Yoruba Gelede Masquerade
by Henry J. Drewal
University of Wisconsin, Madison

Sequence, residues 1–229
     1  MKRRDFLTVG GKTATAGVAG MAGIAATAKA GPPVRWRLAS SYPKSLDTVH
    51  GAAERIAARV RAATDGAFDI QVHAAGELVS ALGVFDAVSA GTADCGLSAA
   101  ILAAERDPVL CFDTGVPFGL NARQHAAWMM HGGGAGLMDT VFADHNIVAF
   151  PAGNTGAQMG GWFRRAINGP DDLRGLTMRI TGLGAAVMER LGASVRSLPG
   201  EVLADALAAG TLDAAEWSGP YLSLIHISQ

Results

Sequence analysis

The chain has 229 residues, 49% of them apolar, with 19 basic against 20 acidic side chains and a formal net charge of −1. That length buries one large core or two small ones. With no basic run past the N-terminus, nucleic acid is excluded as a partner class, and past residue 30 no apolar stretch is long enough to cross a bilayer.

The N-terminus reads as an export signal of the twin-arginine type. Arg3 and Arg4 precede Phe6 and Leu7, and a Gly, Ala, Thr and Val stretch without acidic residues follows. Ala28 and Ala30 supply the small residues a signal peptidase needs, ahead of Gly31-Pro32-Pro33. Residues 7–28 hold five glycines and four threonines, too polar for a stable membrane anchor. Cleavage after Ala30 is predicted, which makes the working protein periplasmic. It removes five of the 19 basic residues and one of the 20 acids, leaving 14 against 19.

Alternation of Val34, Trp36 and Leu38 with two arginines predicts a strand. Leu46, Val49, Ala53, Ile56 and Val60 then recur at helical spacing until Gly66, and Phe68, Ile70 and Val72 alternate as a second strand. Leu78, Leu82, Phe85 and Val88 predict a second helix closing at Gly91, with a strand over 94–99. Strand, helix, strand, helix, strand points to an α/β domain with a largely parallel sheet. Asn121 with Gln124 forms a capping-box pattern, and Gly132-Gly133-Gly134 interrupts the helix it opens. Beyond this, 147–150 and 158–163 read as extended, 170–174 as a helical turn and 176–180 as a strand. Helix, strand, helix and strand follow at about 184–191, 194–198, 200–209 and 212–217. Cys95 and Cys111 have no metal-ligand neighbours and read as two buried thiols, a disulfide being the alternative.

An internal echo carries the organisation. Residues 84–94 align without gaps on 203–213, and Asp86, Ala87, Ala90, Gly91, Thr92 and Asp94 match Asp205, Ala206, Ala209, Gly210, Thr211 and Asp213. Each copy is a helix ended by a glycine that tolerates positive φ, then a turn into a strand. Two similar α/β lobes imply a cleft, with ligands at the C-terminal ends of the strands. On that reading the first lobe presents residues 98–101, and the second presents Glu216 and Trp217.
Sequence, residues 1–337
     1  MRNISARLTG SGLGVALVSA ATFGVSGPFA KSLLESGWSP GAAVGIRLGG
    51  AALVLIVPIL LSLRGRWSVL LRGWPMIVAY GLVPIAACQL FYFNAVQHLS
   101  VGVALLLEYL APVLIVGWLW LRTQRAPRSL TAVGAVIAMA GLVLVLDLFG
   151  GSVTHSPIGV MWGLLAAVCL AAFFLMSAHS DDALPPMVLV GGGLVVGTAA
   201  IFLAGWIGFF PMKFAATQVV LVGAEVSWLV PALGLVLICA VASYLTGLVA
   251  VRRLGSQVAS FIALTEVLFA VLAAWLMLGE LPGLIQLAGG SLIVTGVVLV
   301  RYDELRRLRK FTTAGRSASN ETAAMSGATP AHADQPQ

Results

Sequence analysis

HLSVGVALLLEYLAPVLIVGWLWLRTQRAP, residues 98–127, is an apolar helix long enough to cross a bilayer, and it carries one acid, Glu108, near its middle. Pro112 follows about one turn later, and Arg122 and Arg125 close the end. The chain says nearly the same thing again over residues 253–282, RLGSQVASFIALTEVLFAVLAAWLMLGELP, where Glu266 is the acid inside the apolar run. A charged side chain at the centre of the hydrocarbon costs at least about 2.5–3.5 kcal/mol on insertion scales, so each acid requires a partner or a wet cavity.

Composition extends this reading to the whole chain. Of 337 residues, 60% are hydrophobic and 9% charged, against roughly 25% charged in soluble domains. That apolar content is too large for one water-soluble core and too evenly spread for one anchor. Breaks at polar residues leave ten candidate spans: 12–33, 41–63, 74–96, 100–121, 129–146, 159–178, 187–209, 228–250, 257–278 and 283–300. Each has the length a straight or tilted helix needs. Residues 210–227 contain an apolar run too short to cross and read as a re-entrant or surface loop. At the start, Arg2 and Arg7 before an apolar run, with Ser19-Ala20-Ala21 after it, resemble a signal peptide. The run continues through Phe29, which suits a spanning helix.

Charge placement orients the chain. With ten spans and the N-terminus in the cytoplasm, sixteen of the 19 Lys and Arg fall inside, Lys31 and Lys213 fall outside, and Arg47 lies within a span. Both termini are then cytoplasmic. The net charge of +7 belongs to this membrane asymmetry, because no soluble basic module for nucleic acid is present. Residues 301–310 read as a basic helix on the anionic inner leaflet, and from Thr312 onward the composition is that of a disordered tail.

Gelede imagery evokes and comments upon aspects of Yoruba society, praising positive, productive contributions or damning destructive, antisocial ones. The images in the masks are diverse and encompassing because "our mothers" are oni l'oni aye ("the owners of the world") and society constitutes "the children of our mothers." While the maskers are male, the masks depict both females and males, either generalized or in more specific representations of a wide variety of female and male roles and activities by means of coiffure, headgear, objects associated with such roles, or genre scenes depicting them. This Gelede performer depicts a female with a finely braided coiffure.